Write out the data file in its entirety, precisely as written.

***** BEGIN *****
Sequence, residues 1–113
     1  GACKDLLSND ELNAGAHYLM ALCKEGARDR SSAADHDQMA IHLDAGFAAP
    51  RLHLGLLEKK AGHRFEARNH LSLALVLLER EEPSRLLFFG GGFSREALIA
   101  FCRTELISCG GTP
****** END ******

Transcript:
Sequence, residues 1–113
     1  GACKDLLSND ELNAGAHYLM ALCKEGARDR SSAADHDQMA IHLDAGFAAP
    51  RLHLGLLEKK AGHRFEARNH LSLALVLLER EEPSRLLFFG GGFSREALIA
   101  FCRTELISCG GTP